The program in Aarhus stresses what Bundsgaard called “SSP” — social services, schools and police. It began in the aftermath of bombings in London and Madrid a decade ago and seeks to identify those at risk of radicalization because of factors including poor living conditions, personal or social crises, and isolation, he said. Mentors are assigned to at-risk youth to try to steer them back to mainstream society. Bundsgaard said authorities have also set up networks for parents whose children have gone abroad to fight.
“We advise them how they should communicate with their children … to convince them to come back,” the mayor said. Fathers are told not to show anger or order their sons to return. Mothers, he said, often play “a vital role” in persuading children to come home. “One of the things that will still melt their hearts are the mothers.”
In the case of the Somali youth, this soft approach appears to have worked. In May 2013, he left for Syria but by late November of that year, he was back in Denmark, telling his family, “‘I just want my old life back,’” Bundsgaard said. He said the young man was assigned a mentor and has stayed out of trouble. “It is actually possible to do something” to reintegrate returned fighters, the mayor said.
Participants in last week’s White House summit said the most useful aspect of the meetings was not the speeches by officials but the chance to talk in the corridors and exchange information with other counterterrorism practitioners.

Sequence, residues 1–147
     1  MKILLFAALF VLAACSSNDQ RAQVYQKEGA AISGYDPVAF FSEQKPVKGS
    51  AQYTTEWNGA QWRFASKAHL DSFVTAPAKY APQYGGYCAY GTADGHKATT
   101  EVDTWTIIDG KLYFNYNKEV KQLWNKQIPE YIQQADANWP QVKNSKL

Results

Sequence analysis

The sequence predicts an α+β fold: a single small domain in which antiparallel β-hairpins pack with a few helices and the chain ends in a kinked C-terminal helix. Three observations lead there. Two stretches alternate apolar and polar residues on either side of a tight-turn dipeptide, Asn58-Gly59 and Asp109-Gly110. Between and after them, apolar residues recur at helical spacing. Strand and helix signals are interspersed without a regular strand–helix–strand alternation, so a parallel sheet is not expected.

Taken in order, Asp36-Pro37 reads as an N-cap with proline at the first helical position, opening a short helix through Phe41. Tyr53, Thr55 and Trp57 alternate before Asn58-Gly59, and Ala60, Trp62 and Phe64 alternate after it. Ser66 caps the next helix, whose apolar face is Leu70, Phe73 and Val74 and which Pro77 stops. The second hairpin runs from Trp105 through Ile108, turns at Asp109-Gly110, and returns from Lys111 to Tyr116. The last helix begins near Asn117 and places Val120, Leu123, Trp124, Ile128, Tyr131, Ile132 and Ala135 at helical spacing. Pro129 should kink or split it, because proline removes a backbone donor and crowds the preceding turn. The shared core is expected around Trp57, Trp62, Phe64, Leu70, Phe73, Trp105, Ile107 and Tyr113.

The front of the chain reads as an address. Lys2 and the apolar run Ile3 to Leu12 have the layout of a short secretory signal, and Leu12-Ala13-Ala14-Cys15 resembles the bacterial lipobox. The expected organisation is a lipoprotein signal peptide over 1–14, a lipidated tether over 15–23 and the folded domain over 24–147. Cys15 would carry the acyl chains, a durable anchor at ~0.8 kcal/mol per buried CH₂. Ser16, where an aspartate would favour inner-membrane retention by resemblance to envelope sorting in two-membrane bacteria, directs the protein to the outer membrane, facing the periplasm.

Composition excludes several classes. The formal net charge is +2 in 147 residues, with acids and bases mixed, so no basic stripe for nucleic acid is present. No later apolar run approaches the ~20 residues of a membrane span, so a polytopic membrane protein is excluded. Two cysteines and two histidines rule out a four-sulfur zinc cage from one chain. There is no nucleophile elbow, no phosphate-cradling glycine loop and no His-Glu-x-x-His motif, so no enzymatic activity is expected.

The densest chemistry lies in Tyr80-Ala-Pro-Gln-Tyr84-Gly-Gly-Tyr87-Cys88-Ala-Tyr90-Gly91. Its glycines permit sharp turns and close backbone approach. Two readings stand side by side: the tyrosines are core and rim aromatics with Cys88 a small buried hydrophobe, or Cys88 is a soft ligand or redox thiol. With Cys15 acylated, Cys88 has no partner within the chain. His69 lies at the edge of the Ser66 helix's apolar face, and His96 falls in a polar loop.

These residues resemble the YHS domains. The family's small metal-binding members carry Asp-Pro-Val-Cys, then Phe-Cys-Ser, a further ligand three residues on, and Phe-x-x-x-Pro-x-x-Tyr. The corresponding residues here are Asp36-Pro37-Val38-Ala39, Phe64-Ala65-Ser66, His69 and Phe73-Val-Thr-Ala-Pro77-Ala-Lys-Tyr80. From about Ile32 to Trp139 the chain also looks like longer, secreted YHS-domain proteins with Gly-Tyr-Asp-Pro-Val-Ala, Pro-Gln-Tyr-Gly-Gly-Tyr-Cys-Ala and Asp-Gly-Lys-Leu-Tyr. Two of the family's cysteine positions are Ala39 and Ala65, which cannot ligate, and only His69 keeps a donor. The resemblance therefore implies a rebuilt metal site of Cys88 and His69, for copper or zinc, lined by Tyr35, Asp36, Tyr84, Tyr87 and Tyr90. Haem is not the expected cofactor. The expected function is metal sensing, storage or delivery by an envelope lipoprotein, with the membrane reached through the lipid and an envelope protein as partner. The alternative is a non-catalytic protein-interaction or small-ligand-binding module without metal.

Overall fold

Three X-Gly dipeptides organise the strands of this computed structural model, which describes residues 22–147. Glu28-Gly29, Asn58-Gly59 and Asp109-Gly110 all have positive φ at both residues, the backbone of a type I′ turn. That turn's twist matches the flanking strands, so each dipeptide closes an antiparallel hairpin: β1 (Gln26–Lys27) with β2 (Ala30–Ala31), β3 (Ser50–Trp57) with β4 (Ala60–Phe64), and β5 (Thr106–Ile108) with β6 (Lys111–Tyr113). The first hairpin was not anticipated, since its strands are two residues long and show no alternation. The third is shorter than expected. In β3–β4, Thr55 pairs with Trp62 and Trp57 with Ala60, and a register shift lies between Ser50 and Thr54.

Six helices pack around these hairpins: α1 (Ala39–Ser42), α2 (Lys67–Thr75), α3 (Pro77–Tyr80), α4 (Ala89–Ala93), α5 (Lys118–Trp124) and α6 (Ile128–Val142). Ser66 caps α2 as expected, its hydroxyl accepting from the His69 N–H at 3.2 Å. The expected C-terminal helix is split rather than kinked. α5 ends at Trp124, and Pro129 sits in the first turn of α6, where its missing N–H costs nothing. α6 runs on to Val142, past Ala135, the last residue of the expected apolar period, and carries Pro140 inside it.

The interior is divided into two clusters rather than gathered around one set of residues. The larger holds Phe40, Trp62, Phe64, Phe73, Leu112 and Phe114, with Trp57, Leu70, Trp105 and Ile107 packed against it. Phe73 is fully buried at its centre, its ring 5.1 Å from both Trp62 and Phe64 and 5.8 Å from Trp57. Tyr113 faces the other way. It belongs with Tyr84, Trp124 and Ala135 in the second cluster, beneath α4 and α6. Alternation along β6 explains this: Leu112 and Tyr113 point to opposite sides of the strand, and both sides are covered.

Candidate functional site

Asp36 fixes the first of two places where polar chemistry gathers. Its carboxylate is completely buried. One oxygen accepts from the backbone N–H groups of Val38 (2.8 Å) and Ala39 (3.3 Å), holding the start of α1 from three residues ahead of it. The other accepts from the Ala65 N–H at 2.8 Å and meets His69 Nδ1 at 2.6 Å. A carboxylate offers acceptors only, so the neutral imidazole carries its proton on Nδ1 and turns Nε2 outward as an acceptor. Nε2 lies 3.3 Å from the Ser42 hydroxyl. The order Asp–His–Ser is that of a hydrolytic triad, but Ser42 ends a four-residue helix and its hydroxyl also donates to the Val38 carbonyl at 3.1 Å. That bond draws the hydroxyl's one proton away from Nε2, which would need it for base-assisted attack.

Matthew Levitt, an expert on terrorism at the Washington Institute who had earlier expressed skepticism about the conference, told Al-Monitor that he was also pleased that President Obama had not shied away from identifying ideology as a motivating factor for the fighters, even if they came from criminal backgrounds or were the product of broken homes.
While rejecting the term “radical Islamic terrorism” — often used by administration critics including likely presidential candidate Jeb Bush in a major foreign policy speech Feb. 18 — Obama told the summit that “we must acknowledge that groups like al-Qaeda and [IS] are deliberately targeting their propaganda to Muslim communities, particularly Muslim youth. And Muslim communities, including scholars and clerics, therefore have a responsibility to push back, not just on twisted interpretations of Islam, but also on the lie that we are somehow engaged in a clash of civilizations; that America and the West are somehow at war with Islam or seek to suppress Muslims; or that we are the cause of every ill in the Middle East.”
It was important that Obama “put the onus on the Muslim community to stop hateful rhetoric and to be a positive influence,” Hedieh Mirahmadi, another participant in the summit, told Al-Monitor. Mirahmadi runs the World Organization for Resource Development and Education, a Washington-based body that has established a pilot project to identify individuals attracted by extremism and provide counseling to them.
The emphasis on prevention and rehabilitation is a welcome change from the post-9/11 US focus on military methods, said Rohan Gunaratna, head of the International Center for Political Violence and Terrorism Research in Singapore.
Gunaratna, who also attended the White House summit, told Al-Monitor that the “American response to terrorism after 9/11 was a kinetic and lethal one — catch, kill or disrupt.” Now, he said, “there is a shift toward smart power.”
Still, Gunaratna said it would be necessary to “contain, isolate and eliminate” IS and similar groups on the battlefield. Of those who return from fighting, he said, some are beyond rehabilitation. “Ten percent have to be incarcerated forever,” he said.